The Romanian Bridgehead (Polish: Przedmoście rumuńskie) was an area in southeastern Poland, now located in Ukraine. During the Invasion of Poland of 1939 (at the start of World War II), on September 14 the Polish Commander in Chief Marshal of Poland Edward Rydz-Śmigły ordered all Polish troops fighting east of the Vistula (approximately 20 divisions still retaining cohesion) to withdraw towards Lwów, and then to the hills along the borders with Romania and the Soviet Union.
The plan was a fall back plan in case it was impossible to defend the Polish borders, and assumed that the Polish forces would be able to retreat to the area, organise a successful defence until the winter, and hold out until the promised French offensive on the Western Front started. Rydz-Śmigły predicted that the rough terrain, the Stryj and Dniestr rivers, valleys, hills and swamps would provide natural lines of defence against the German advance. The area was also home to many ammunition dumps that were prepared for the third wave of Polish troops, and was linked to the Romanian port of Constanţa, which could be used to resupply the Polish troops.
This plan is one of the reasons the Polish-Romanian Alliance was not activated by Poland. Poland and Romania had been allied since 1921 and the defensive pact was still valid in 1939. However, the Polish government decided that it would be much more helpful to have a safe haven in Romania and a safe port of Constanţa that could accept as many Allied merchant ships as required to keep Poland fighting. The Polish Navy and merchant marine were mostly evacuated prior to September 1 (see Peking Plan); they were to operate from French and British ports and deliver the supplies through Romania.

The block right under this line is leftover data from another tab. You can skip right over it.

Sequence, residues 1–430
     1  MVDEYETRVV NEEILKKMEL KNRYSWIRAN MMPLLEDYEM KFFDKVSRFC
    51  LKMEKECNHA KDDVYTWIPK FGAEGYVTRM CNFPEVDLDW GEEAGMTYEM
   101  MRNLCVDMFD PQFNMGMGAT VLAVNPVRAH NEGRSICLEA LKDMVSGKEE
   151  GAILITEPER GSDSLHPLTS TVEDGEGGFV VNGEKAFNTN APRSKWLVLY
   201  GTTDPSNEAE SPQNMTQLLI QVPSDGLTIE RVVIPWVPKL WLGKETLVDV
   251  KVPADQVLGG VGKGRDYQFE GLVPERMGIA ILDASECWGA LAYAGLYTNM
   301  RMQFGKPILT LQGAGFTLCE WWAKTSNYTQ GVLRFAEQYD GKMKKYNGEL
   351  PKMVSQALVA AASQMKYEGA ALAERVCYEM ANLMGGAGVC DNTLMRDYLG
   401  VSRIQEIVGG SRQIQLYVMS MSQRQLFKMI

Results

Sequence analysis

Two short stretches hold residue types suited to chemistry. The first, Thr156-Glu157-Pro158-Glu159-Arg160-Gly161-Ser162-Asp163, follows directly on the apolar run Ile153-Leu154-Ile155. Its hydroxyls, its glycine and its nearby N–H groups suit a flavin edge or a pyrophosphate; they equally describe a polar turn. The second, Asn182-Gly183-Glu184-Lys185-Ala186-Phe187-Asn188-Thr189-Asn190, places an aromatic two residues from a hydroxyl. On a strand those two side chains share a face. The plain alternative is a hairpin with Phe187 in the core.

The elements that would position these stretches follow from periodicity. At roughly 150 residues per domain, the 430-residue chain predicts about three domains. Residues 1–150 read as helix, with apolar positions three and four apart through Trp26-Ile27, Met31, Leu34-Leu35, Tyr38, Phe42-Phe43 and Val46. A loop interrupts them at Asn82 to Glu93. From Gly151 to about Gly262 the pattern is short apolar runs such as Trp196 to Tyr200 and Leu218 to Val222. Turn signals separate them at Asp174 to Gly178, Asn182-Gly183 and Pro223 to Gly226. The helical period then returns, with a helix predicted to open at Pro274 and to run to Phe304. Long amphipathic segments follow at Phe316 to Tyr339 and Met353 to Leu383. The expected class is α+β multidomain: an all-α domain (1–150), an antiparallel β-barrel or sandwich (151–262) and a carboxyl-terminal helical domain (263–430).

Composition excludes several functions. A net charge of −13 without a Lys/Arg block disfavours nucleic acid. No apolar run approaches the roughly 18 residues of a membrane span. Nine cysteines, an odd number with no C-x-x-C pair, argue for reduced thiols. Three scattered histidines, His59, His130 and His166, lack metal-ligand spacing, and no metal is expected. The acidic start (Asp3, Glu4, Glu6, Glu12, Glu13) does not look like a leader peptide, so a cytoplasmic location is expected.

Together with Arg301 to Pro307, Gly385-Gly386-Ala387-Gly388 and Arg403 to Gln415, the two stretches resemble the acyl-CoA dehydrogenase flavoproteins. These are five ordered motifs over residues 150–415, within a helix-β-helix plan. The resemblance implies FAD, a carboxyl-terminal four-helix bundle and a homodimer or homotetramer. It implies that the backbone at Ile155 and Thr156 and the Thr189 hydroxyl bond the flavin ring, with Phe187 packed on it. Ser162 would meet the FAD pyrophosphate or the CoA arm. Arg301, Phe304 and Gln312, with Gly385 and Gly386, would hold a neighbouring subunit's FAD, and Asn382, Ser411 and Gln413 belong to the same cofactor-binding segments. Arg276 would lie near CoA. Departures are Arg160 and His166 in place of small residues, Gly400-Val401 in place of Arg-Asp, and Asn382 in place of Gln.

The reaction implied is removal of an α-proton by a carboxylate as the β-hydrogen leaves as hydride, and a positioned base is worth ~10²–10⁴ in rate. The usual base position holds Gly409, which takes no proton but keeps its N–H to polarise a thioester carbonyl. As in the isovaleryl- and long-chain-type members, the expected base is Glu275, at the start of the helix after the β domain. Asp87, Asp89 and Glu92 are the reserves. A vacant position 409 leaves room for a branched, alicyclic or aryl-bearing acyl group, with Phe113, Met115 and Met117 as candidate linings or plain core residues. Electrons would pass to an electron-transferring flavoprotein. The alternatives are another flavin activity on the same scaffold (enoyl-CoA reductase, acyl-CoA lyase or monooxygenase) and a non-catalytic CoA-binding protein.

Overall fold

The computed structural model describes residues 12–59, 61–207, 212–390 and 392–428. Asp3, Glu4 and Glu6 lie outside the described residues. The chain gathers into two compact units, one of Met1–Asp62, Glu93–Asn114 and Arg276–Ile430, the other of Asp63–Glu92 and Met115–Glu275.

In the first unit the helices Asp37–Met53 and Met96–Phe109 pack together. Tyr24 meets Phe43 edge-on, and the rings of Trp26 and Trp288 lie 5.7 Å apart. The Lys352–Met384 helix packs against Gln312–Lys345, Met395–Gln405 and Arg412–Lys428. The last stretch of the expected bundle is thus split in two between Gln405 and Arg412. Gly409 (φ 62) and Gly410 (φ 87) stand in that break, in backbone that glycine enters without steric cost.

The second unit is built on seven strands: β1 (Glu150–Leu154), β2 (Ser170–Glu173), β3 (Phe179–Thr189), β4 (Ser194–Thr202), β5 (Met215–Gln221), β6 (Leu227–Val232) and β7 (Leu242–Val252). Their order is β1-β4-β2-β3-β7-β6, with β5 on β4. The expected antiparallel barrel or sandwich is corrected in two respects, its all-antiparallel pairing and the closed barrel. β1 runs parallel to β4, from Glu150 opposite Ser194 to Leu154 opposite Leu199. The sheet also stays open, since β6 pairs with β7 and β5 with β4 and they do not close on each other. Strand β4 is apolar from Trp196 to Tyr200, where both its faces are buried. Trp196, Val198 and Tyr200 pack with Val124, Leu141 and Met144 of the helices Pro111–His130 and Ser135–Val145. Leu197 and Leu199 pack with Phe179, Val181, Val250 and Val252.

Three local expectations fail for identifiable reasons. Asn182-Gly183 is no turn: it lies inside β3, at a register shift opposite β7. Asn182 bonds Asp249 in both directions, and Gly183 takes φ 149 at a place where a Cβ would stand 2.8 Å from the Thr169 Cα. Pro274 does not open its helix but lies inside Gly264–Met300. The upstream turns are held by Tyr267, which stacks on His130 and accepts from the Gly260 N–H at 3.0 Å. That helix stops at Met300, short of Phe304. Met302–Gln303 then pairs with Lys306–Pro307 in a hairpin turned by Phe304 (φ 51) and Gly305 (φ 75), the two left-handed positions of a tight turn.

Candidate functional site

However, the Soviet invasion of Poland on September 17 (following the Molotov-Ribbentrop Pact) made all those plans obsolete. As a result, Polish units were ordered to evacuate Poland and reorganise in France.
Up to 120,000 Polish troops withdrew through the Romanian Bridgehead area to neutral Romania and Hungary. The majority of those troops joined the newly formed Polish Armed Forces in the West in France and the United Kingdom in 1939 and 1940. Until the United States entered the war and Germany attacked the Soviet Union (Operation Barbarossa), the Polish army was one of the largest forces of the Allies.
The Romanian government also received the treasury of the National Bank of Poland in 1939. One part of it, consisting of 1,261 crates containing 82,403 kg of gold, was loaded aboard a commercial ship in the port of Constanţa, and transported to Western Europe. The transport was escorted by ships from the Romanian Navy, in order to prevent an interception by Soviet submarines in the Black Sea. The second part of the treasury, totaling 3,057,450 kg, was deposited in the Romanian National Bank. It was returned to Poland on September 17, 1947. A fictional portrayal of the gold's evacuation from Warsaw forms part of the novel The Polish Officer, by Alan Furst.
See also 
- Invasion of Poland
- Western Betrayal
- Molotov-Ribbentrop Pact
- Polish contribution to World War II
- Romania during World War II
- Sarny Fortified Area
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- (Romanian) Toma Virgiliu, "Agresorii în ofensivă", in România Liberă, October 13, 2007
- Wojciech Włodarkiewicz, Przedmoście rumuńskie 1939; Bellona, Warsaw, 2001. ISBN 83-11-09255-9